Godstow Abbey: Background information when reading La Belle Sauvage

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La Belle Sauvage

The Book of Dust #1

by Philip Pullman

La Belle Sauvage by Philip Pullman X
La Belle Sauvage by Philip Pullman
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    Oct 2017, 464 pages

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Book Reviewed by:
Michelle Anya Anjirbag

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Beyond the Book:
Godstow Abbey

Print Review

Godstow AbbeyIn his first trilogy, His Dark Materials, Philip Pullman brings readers into the story through an intense use of space; he gives us a fantastical Oxford, but described in such a way that readers could visit the real place and trace Lyra's adventures around the city and colleges and thus bring the fantasy world into their own. Pullman's new book, La Belle Sauvage is no different; Godstow Priory, which plays such a large role in shaping the plot and setting of the text, is based on a real place: the Godstow Abbey or Nunnery. The Trout Inn is also real.

Godstow Abbey WindowGodstow is a hamlet on the River Thames about 2.5 miles northwest of the center of modern day Oxford. The abbey (in our world, at least) was built in the 1130s. Founded by Edith of Winchester, sometimes known as Dame Ediva (widow of Sir William Launceline of Winchester) it was built on what was then a small island between two streams that ran into the Thames. According to local tradition, Edith had a vision in which she was told to go live near Oxford and wait for a sign from God directing her to build a place in his name. One night while staying at Binsey, a village in Oxfordshire, she heard a voice tell her to go where the light from heaven reached the ground and build a nunnery for 24 gentlewomen. The light she saw was over Godstow, so she went to King Henry I with her vision to ask for approval for the new nunnery. It became a Benedictine nunnery for aristocratic ladies, and enjoyed patronage from many noble families, including the royal family. Rosamund Clifford, who was King Henry II's mistress for many years, is buried there.

The abbey was entered through a two-story gatehouse with two gates: a large one for carts and a smaller one for foot traffic. Inside were multiple buildings including a guest house, nunnery, a priest's lodging, St. Thomas's chapel which was used by the servants at the abbey, the abbey church and cloisters.

George Price Bryce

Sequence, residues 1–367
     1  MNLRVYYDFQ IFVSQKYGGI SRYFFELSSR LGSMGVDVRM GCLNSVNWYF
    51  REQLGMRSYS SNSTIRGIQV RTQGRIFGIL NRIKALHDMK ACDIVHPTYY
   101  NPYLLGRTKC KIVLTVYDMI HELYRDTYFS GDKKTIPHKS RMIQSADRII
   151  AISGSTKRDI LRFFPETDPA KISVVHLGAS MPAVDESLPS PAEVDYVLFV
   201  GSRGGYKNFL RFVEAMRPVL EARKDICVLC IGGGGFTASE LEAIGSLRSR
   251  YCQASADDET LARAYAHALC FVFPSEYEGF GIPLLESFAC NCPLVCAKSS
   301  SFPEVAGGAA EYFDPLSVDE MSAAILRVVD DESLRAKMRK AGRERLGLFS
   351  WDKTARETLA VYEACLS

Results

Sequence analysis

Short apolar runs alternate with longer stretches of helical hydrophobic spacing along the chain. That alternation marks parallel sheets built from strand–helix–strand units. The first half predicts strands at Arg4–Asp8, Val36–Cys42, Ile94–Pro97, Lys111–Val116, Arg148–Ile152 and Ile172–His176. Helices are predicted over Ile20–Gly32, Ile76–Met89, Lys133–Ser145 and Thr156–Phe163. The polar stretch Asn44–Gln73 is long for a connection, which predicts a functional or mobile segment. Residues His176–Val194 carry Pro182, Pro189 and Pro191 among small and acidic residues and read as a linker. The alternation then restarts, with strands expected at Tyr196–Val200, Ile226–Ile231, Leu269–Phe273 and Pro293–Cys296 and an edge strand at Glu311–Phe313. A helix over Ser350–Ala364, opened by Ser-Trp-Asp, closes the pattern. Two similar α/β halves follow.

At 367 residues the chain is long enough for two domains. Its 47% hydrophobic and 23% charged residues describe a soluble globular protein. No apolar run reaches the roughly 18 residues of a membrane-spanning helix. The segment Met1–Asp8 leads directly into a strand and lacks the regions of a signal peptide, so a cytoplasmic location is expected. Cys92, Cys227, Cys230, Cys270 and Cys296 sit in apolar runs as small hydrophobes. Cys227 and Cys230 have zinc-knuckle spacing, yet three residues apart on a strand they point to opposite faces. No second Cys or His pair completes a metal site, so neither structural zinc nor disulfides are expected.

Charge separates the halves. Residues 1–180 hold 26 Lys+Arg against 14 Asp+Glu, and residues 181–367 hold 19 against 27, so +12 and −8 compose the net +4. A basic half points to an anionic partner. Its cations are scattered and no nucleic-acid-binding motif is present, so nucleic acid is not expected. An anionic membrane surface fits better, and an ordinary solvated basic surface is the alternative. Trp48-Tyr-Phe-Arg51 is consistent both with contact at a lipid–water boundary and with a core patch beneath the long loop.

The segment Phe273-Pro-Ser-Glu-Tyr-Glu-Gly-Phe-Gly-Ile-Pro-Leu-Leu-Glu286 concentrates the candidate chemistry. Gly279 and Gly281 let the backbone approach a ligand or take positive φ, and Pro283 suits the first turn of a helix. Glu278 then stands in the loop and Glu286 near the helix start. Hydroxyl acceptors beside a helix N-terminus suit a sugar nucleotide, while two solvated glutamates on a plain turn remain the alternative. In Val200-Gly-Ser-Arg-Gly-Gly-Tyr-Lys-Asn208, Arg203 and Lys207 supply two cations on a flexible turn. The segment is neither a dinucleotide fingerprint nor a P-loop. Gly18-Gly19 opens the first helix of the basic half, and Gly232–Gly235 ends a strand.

Henry VIII, through Parliament and the Second Act of Dissolution, dissolved the abbey in 1539. His physician, George Owen, then converted it into Godstow House, which was occupied by Owen's descendants until 1645. Though in Pullman's book it is ruined by a flood, in our world the buildings were damaged during the English Civil War, after which they fell into disrepair as locals removed and repurposed the stone into other buildings. However, remnants of Godstow Abbey can still be seen, and Pullman's association with it is not its only artistic connection; the Godstow site was painted by George Price Boyce, a Victorian Pre-Raphaelite watercolor painter; and Charles Dodgson, better known as Lewis Carroll, brought the Liddell sisters to Godstow for picnics and river trips -- where the ideas for Alice in Wonderland are said to have been formed. It was also well known to such Oxford writers as C.S. Lewis and J.R.R. Tolkien who frequently traversed the footpath that runs past it.

The trout InnSince 1924 the site has been held in trust by Oxford University and can be visited easily from central Oxford. Just as in Pullman's book, it sits opposite The Trout Inn - a popular and active pub – directly on the Thames Path, a 184-mile hiking and biking trail that follows the Thames from its source in the Cotswolds through London to the sea.

Remains of Godstow Abbey and its best preserved window, both courtesy of www.britainexpress.com
George Price Boyce's Godstow Nunnery, Oxfordshire, 1862, courtesy of arthistory.wisc.edu
The Trout Inn, courtesy of www.dailyinfo.co.uk

This article is from the December 6, 2017 issue of BookBrowse Recommends. Click here to go to this issue.

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